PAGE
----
Community June 30, 2024

Hidden Paradise

A growing refuge for those with cancer and other challenges

Campers returning to Camp Rainbow Gold’s Hidden Paradise Camp this summer will be greeted by a new amphitheater featuring a covered stage, stadium-style and back supporting seating for 200, two large fire pits, storage for lighting and sound equipment and a mural that augments the view of the surrounding prairie and mountains.

The amphitheater was funded by Wood River Valley residents Sam Adicoff and Sue Conner in memory of their daughter Sarah. Sarah attended camp in 2006 after her cancer diagnosis, returning for the next five years as a camper and a junior counselor.

“Sarah loved camp–it’s a place where she found community with other cancer survivors who could let their guard down and talk about things they couldn’t talk about with others,” Connor says. “She especially loved the art shack and dressing in costume for the dances. From the amphitheater, campers will be able to see the hills on the other side. It’s a beautiful setting with lots of quiet space.”

Camp Rainbow Gold, the nation’s first oncology camp for children, quickly endeared itself to Wood River Valley residents when it opened at Cathedral Pines north of Ketchum in the mid-1980s. Then, the camp was not suited to children with special medical needs. Campers using wheelchairs had a tough time navigating the dirt paths, the outhouses were not conducive to children who became sick at night and there was no storage for bikes and other camp supplies.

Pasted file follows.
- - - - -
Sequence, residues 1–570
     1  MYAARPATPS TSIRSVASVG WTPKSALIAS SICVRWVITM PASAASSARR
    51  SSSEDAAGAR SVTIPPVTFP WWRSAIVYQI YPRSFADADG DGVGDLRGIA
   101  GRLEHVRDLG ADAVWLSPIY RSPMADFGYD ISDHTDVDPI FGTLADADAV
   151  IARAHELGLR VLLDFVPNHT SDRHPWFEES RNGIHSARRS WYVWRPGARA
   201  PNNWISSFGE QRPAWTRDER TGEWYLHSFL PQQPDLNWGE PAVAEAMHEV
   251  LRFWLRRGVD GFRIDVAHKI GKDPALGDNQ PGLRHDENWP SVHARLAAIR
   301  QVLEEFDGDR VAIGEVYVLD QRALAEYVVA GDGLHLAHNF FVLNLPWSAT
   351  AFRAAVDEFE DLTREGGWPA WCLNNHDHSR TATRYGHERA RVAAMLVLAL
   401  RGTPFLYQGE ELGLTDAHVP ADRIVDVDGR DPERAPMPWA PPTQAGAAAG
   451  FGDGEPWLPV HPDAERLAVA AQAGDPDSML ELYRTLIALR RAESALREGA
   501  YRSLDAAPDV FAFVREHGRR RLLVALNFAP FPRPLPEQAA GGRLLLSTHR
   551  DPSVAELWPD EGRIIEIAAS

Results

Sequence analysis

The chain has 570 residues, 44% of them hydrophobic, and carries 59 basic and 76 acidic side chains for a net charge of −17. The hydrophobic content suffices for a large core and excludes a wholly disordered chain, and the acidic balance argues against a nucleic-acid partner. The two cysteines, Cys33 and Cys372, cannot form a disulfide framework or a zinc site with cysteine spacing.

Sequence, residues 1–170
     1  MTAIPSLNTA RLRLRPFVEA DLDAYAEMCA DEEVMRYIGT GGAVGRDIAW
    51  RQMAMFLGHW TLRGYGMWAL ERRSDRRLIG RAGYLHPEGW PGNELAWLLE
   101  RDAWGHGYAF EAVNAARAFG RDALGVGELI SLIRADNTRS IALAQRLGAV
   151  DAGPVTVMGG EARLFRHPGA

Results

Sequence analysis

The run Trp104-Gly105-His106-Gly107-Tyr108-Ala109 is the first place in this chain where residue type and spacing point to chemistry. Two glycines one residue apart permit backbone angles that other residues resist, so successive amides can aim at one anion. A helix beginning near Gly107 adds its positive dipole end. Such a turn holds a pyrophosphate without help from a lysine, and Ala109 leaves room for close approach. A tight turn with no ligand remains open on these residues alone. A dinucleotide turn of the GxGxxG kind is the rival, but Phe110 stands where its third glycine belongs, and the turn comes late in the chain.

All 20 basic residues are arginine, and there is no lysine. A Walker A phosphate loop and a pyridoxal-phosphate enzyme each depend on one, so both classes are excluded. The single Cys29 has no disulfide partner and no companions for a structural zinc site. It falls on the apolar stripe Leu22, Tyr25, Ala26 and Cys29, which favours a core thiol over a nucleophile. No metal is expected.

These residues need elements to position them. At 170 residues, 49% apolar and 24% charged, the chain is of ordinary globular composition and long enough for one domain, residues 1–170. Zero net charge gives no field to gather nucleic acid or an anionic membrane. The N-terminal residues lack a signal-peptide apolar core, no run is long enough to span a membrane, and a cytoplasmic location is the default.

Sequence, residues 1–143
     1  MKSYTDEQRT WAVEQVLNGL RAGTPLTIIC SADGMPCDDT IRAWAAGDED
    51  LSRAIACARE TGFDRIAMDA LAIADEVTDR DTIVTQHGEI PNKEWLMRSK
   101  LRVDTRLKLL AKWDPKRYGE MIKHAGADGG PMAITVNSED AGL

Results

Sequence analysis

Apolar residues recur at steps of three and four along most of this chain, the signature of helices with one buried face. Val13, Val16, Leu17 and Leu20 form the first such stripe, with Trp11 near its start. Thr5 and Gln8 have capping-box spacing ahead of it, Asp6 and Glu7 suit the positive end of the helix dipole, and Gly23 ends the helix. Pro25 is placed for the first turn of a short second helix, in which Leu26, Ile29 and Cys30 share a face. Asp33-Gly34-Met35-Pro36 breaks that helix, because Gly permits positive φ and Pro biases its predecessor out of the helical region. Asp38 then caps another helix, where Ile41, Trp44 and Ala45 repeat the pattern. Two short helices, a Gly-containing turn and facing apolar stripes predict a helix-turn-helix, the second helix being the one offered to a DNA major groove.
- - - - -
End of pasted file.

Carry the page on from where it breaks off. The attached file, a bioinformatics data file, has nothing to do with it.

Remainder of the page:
kids having fun at camp

Camp Rainbow Gold gives children hope, smiles, fun, and lifelong friendships.

“We were having to turn kids and families away when, unfortunately, cancer is not going away,” says Elizabeth Lizberg, the executive director of Camp Rainbow Gold. “The number of Idaho children with cancer is increasing, and it’s not because Idaho is growing.”

Camp Rainbow Gold began feasibility studies to figure out its future in 2007. “We didn’t have a long-term lease so we didn’t feel secure and, as an organization supported by community dollars, we felt we should be more secure,” Lizberg says.

The organization considered a property that a supporter donated near Ketchum in East Fork, but it didn’t pan out due to wildfire concerns and neighbors’ opposition.